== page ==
Say hello to Jeff Bezos the philanthropist! The rest of us will continue to pay our taxes | Marine Hyde


HI’m thrilled to wake up yesterday and read that Amazon founder Jeff Bezos had donated $100 million to Dolly Parton’s charitable efforts, at his own “Courage and Civility” event. (Sarcastic air quotes: my own.) The very many reports of this act have suggested that it was a truly incredible sum from the world’s second richest man, who – according to recent estimates – s is getting richer by about $205 million a day.

Anyway, once I got off the ceiling, I took care of the government tax calculator. If you’re on the average median salary in the UK – and you pay your taxes – your take-home pay is £72 a day. On the one hand, Jeff’s benevolence would be the equivalent of donating £34.56 to charity. Have you ever donated thirty-four books to charity? Do you pay your taxes? If so, you are in fact more generous than Jeff Bezos, who, being famous, avoids almost all of his own. And yet, where is YOUR news story splashing across all the good media in the world? Where is YOUR TV interview? Why doesn’t anyone call you a “philanthropist”?

We’ll get to the obvious answers to these questions soon, but for now, let’s look at the hype around these so-called Courage and Civility Awards. And yes, this title makes it sound like Jeff just demanded that a warehouse worker bring him two harmless abstract names that weren’t copyrighted. In fact, Bezos announced the initiative last year, shortly after stepping off his little space rocket, perhaps sensing planetary disdain for the kind of guy who could go weightless for four minutes but didn’t know not how to treat its workers properly.

Anyway, the Courage and Civility awards are now a reality. And alongside Sunday’s scrubbed ceremony and his attempt to build on the lifelong selflessness and extraordinary charitable service of HRH Dolly Parton, Bezos granted an exclusive meet and greet with CNN. First impressions? Jeff interviews like a chat tool and looks like the most uncompromising and least reserved 58-year-old Vin Diesel lookalike in your area. Having long refused to sign the Giving Pledge – a pledge made by many of the world’s wealthiest people to donate most of their wealth to charitable causes – Bezos announced that he intends to give “ the majority” of his money during his lifetime, according to CNN. And yet, does he intend to do so? His answer – “Yes, I do” – seems somewhat vague and short on details.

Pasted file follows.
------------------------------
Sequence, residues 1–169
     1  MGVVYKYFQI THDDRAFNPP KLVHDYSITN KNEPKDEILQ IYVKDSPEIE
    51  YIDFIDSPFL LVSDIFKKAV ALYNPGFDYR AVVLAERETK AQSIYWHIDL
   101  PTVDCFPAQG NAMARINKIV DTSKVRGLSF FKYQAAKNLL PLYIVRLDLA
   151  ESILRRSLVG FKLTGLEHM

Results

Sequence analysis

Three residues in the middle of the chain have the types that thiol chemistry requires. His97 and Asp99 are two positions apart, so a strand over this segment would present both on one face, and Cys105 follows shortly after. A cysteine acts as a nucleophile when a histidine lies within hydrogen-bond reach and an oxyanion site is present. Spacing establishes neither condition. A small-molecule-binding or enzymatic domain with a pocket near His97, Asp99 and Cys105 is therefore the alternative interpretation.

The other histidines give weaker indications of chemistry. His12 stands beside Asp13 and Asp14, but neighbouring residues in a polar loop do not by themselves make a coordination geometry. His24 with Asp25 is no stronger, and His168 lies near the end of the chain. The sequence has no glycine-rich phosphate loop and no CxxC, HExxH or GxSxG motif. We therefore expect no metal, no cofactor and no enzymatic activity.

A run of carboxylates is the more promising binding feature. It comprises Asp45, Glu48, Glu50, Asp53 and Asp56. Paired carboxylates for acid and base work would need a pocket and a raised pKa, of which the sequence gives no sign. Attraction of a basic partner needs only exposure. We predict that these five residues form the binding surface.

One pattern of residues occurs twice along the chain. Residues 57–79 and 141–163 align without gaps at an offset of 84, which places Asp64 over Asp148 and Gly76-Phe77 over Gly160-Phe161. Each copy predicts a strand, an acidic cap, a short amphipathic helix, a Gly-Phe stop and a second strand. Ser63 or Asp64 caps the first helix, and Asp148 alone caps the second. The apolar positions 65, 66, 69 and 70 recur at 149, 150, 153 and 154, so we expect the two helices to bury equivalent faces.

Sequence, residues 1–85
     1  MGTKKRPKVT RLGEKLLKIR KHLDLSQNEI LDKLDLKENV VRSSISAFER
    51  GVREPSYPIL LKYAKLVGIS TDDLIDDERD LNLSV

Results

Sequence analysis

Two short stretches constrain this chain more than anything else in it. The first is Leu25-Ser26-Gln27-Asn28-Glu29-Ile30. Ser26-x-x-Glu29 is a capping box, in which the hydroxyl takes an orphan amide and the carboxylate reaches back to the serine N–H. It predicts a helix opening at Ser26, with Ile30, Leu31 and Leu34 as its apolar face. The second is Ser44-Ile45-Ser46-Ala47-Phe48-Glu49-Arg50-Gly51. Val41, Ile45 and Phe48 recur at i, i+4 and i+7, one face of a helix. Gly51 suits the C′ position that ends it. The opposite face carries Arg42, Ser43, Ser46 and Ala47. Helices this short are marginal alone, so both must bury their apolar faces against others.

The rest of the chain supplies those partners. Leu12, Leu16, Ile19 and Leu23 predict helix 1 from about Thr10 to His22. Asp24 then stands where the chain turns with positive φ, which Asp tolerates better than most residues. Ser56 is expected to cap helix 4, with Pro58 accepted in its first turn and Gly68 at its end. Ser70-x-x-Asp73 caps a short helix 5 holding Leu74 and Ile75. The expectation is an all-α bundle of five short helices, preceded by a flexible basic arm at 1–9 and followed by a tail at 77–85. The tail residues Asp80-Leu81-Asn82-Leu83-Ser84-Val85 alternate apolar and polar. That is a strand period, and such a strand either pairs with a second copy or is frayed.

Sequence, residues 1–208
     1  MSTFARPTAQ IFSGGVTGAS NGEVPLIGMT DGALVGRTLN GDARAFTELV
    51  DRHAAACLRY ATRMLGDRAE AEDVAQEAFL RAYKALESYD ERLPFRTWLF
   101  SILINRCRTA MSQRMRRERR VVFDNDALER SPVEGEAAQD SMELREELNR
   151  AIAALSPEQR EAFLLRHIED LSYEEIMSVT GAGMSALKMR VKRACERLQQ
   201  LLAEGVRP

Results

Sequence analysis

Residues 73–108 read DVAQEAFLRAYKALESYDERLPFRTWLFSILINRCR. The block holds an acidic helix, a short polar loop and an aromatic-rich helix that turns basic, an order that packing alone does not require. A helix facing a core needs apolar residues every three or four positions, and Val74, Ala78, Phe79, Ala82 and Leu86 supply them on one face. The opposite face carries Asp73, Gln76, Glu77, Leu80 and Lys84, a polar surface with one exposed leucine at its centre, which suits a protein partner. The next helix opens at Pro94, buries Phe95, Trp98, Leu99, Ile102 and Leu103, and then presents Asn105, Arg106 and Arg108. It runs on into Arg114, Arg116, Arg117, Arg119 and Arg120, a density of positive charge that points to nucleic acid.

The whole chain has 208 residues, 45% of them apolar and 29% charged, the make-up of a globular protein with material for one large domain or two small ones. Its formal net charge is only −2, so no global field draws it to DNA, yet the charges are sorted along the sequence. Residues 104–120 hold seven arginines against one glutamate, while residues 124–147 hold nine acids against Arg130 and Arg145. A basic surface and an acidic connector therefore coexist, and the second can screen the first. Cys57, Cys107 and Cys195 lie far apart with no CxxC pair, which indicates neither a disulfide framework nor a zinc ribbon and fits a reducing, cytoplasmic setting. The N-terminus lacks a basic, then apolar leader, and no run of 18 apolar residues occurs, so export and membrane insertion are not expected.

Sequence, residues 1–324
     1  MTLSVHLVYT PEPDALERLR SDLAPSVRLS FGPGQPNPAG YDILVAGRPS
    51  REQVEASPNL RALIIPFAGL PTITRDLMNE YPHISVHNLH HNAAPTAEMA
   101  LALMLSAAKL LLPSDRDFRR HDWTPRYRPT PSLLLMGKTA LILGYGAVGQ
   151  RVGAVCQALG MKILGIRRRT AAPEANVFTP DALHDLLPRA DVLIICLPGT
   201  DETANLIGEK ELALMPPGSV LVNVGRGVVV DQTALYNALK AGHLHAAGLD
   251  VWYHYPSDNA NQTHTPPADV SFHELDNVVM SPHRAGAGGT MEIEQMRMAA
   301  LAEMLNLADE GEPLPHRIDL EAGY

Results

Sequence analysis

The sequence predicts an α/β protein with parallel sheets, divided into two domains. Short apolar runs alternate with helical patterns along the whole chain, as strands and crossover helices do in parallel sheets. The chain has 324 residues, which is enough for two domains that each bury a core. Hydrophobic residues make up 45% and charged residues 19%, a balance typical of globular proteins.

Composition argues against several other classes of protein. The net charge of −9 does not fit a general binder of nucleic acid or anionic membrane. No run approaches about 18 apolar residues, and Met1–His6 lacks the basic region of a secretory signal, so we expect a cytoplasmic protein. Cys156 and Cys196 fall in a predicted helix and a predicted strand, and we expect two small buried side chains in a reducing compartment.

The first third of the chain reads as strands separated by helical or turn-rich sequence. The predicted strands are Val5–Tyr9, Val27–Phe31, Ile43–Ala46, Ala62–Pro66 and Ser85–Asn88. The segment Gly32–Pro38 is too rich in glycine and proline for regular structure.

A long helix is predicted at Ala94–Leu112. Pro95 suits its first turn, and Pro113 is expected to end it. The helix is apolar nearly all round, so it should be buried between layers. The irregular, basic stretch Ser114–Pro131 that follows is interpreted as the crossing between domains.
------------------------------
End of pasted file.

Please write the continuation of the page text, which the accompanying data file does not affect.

Dolly Parton at the 2022 Rock & Roll Hall of Fame induction ceremony in Los Angeles in November 2022. Photography: Christopher Polk/Variety/Getty Images

But taking Jeff at his word, I mean it from the bottom of my heart when I say: BIG FRICKING DEAL. Most people give away a significant amount of their money over their lifetime, through a little something we call the tax system. I say! Where is our red carpet gala? I’ll tell you what, next time our paychecks come in, why don’t we all do our hair and put on a black tie or a big old dress and gracefully make our way down a red carpet saying “You’re welcome!” for the cameras.

According to what Bezos told CNN, philanthropy “is really hard.” It certainly seems to be for him. Remember he was only dragged kicking and screaming at the game of shit, having spent years racking up billions before he was finally pointed out that not having a kind of philanthropic arm seemed pretty catastrophic. In 2017, Bezos asked Twitter users for ideas on how to help the world “in the here and now,” before embarking on a genuinely committed agenda of ignoring every one who suggested paying his workers right. and contribute to a fair tax.

A year later, he actually uttered the words, “The only way I can see to deploy so many financial resources is to convert my Amazon earnings into space travel.” It was the same year that Amazon helped remove a Seattle tax on big business to ease the homelessness crisis, by threatening to pull back a huge construction project. Business and technology commentator Scott Galloway call Bezos “the mother of all welfare queens” for the vast benefits he has reaped from public money and the tax breaks he pursues and demands without remorse.

But of course Jeff is the kind of widely acclaimed visionary who just doesn’t have the vision to realize that the number one way to help is to pay people a fair wage and shell out your taxes like an ordinary person – and not by showing up to hand out “charity” after the event like some bastard god of the purse strings. Sadly, he is one of that specific class of billionaires who believe they should be allowed to mortgage nearly 100% of their vast wealth in any direction they wish, because the treasurers of the world are just minions, and they know better than anyone how to spend it.

So yes, for Bezos, philanthropy “is really difficult”. What he fact – falselanthropy – is much, much easier. Moving billions to nonprofits you control, effectively giving yourself tax breaks, buying media in one of the seediest tricks possible: these things, of course, are much easier. What’s hard to fathom is why on earth we continue to accept this obvious bullshit from some of the most selfish people in the world. The poor give a far greater proportion of their money to charity than the rich. I don’t mean to be rude, but what’s brave about letting Jeff Bezos pretend otherwise?

  • Marina Hyde is a Guardian columnist

  • A year in Westminster with John Crace, Marina Hyde and Armando Iannucci
    Join John Crace, Marina Hyde and Armando Iannucci for a look back at another chaotic year at Westminster, live at Kings Place in London or via live stream.
    Wednesday, December 7, 2022, 7:00-8:15 p.m. GMT, book your tickets here

  • What just happened?! by Marina Hyde (Guardian Faber, £16). To support the Guardian and the Observer, order your copy from Delivery charges may apply


Comments are closed.